Dell Technologies has launched four new VxRail hyperconverged appliances in the hope they drive more channel sales.
“We’re really opening up new opportunities for partners in terms of new use cases,” said Chad Dunn, Dell’s vice president of product management for hyper-converged infrastructure in an interview with CRN USA.
“For example, in VMware Cloud Foundation (VCF) on VxRail we now have the automated deployment of Kubernetes or PSK (Pivotal Container Service) workload domains. This enables them to go after container as-a-service or platform as-a-service opportunities with VCF on VxRail.”
Dell Technologies unveiled the new VxRail — which is jointly engineered alongside VMware — capabilities at VMworld Europe today. Dell is the market leader in hyper-converged infrastructure, owning nearly 30 percent of the global market.
Here are the four new VxRail products and solutions that Dell and VMware partners need to know.
For the first time ever, Dell is offering a four-socket VxRail platform dubbed VxRail P580N. The new offering features two new all NVMe-based platforms with second generation Intel Xeon Processors that increases performance.
The four-socket platform is ideal for SAP HANA workloads, delivering two-times the CPU and memory per system compared to its prior generation.
“This will be going through SAP HANA certification, we’ve already begun that process. We already have a duel-socket version that’s been very successful,” said Dunn. “This quad-socket allows channel partners to go after mission-critical, memory database kinds of use cases like SAP HANA. There will be others to follow. That’s definitely white space where we didn’t have an offering before and now we will. Those tend to be very high value workloads that our partners will be able to go after.”
Dell’s VxRail P580N will become available for partners to sell from December.
Dell is adding all-NVMe to its VxRail E-Series with the launch of VxRail E560N. The 1U platform is designed for high performance workloads at a competitive price point.
“This allows us to go for higher capacity, higher IO (input/output) workloads at a much lower price point. So high performance and fairly reasonability-priced flash storage means partners can target use cases at lower price points,” said Dunn. “This is the first E-Series where we’ve added GPU capabilities. Previously, that was only in our V-Series that was really optimised around video processing with extra cooling and extra power. But the E-Series is really one of the work horses of our portfolio and adding the NVIDIA T4 GPU to this platform gives you a lot more flexibility in terms of power, cooling, density in the rack, and let’s partners go after AI and ML kinds of workloads.”
Dunn said there is more and more demand for GPUs around artificial intelligence and machine learning workloads, and not just in virtual desktop infrastructure [VDI]. The VxRail E560N will available in December for partners to sell.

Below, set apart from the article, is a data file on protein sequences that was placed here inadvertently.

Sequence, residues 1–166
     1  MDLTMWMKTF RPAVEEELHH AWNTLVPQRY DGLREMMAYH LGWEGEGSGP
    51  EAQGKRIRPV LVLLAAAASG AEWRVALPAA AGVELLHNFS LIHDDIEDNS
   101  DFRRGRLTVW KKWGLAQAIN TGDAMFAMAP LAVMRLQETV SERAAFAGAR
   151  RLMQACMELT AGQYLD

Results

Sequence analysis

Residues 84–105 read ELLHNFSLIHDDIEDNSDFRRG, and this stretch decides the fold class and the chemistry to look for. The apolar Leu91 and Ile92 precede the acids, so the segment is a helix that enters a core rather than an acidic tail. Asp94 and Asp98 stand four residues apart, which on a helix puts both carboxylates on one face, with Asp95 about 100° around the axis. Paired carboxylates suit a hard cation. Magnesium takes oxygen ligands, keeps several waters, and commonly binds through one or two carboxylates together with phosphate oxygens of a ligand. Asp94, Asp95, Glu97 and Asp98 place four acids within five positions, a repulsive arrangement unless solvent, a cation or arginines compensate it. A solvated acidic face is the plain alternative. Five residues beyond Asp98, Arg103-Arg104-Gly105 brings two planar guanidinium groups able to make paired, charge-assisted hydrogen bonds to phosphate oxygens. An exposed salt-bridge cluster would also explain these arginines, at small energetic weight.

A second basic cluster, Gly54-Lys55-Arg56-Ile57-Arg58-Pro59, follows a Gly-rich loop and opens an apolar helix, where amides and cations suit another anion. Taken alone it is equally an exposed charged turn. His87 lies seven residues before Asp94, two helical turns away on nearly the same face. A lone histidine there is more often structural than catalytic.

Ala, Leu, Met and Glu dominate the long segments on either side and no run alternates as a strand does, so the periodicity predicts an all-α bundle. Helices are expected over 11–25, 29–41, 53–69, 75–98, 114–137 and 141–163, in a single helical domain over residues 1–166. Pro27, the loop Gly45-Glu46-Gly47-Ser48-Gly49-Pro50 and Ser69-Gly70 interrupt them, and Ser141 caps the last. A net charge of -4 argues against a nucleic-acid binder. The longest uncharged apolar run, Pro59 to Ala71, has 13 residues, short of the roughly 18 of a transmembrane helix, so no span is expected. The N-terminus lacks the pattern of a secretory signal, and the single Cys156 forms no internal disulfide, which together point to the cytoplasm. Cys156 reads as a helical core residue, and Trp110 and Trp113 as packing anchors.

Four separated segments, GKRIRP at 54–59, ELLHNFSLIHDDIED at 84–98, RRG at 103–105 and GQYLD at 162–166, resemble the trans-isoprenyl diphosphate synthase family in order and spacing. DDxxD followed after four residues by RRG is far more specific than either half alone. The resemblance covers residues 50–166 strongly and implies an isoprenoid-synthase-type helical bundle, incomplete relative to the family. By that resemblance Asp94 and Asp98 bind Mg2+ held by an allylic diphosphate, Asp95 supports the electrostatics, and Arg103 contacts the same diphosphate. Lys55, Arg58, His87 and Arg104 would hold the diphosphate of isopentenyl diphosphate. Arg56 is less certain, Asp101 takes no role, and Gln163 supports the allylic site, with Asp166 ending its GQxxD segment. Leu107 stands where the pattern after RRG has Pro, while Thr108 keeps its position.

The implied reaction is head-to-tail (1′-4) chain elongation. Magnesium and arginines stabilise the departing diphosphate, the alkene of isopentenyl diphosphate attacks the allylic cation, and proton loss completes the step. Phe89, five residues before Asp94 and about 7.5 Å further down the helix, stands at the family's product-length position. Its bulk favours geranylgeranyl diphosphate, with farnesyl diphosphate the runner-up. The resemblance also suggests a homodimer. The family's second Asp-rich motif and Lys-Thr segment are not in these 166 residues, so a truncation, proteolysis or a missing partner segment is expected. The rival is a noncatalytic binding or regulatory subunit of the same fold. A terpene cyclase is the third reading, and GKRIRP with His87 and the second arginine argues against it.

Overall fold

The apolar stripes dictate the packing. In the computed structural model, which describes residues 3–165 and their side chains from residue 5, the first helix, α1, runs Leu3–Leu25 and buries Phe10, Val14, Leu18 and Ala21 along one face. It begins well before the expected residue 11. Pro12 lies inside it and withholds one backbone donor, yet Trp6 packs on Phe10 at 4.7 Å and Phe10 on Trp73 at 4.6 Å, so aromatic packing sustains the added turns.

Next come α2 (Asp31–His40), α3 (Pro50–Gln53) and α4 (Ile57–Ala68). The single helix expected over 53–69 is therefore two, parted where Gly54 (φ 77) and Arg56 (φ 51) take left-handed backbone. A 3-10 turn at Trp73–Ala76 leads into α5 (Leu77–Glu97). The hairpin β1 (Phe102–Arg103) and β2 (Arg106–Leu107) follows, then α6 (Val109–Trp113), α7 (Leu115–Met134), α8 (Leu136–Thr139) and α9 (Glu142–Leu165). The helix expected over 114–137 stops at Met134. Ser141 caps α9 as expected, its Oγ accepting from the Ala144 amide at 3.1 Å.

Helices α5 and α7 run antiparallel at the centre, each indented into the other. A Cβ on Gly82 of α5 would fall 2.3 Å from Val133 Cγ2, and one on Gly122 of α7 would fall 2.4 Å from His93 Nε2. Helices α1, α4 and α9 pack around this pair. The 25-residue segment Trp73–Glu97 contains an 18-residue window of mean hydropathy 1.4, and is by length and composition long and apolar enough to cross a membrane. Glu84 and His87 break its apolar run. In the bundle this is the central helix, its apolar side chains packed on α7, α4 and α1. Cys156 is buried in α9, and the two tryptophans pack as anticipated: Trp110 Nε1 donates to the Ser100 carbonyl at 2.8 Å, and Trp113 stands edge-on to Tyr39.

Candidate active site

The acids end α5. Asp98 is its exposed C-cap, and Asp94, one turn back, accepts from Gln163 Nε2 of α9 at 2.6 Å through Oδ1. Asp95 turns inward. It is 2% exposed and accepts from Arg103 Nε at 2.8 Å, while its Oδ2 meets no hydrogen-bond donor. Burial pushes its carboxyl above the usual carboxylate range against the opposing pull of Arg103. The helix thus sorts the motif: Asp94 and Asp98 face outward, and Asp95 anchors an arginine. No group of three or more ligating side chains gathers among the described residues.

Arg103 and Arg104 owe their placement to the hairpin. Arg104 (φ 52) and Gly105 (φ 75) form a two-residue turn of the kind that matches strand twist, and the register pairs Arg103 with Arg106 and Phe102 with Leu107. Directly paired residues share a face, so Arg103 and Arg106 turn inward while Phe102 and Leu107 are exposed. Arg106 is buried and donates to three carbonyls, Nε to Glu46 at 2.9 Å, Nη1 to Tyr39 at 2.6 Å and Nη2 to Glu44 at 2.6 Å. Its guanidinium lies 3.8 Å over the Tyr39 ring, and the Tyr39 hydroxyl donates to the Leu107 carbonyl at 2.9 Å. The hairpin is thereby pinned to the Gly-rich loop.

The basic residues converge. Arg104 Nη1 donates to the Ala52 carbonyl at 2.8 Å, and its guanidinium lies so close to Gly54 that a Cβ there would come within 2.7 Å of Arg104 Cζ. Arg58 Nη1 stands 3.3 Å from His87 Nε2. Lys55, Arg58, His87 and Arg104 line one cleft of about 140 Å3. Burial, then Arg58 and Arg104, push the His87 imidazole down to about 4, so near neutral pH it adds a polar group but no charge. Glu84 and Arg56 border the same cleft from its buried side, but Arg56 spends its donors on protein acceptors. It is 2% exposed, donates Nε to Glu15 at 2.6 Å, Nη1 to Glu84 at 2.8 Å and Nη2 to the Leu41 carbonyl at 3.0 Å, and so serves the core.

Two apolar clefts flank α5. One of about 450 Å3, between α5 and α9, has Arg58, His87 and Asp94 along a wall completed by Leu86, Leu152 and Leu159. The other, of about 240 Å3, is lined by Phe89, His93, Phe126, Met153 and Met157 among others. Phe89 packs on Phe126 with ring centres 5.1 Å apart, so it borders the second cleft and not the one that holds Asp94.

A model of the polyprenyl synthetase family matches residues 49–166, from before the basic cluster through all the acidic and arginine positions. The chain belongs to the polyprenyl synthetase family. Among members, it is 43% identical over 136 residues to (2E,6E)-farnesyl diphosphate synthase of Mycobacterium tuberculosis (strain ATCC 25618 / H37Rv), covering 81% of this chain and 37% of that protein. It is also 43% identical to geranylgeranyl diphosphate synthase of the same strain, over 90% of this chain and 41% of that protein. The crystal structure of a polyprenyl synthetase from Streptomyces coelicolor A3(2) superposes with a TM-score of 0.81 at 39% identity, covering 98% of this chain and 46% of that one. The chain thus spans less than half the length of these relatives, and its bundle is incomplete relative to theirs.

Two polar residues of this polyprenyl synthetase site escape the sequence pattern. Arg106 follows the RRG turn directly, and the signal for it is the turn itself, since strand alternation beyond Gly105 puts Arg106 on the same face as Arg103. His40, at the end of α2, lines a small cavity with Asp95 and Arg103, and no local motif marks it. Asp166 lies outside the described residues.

VxRail automation at scale with new SmartFabric Services
Dell is expanding VxRail’s network fabric automation by implementing the Dell EMC SmartFabric Services for multi-rack VxRail clusters, aiming to simply multi-rack VxRail deployments. Administrators will only need to enter one command per switch and SmartFabric Services will automate over 99 percent of the configuration steps for multi-rack leaf and spine fabrics, according to Dell.
“Previously we had this integration with Dell Networking called SmartFabric services where VxRail would automatically configure the top of rack switches and the inter-switch links. We’ve now expanded that so it will now auto-deploy multi-rack systems in a data center,” said Dunn.
“So in terms of the level of effort that a partner would need to take on to be able to deploy multi-rack VxRail solutions in a data center, we make that much easier for them. As a partner, that doesn’t mean they have to charge less, it means that it’s actually going to cost them less to do. Services is a sweet spot in terms of overall margins for our channel partners.”
The VxRail SmartFabric Services will become available in December.
Dell’s Analytical Consulting Engineer (ACE) is becoming generally available on VxRail this month for partners to sell. ACE provides the ability to dynamically gather a richer set of data from VxRail clusters, translating that data into a centralised data collection and analytics platform to help customers make better decisions.
“This is going to give our customers a view of their whole VxRail state -- proactive health scoring and predictive analytics in terms of anomaly detection and capacity planning,” said Dunn.
“One of the interesting things we saw when we made this available for early access, is that we saw more partners access this than we saw customers. There’s an opportunity out there for partners who want to be able to understand what the health and capacity initialisation of their customers’ environments are so they can help them make more informed decisions.”
With VxRail ACE, customers get an enhanced management experience with global views of all their clusters, health scores, analytics, anomaly alerts, predictive capacity analysis and upgrade orchestration.
“This gives partners the ability to understand when a customer is going to run out of capacity, where they can achieve better performance, and gives partners greater insight to their customers environments,” said Dunn.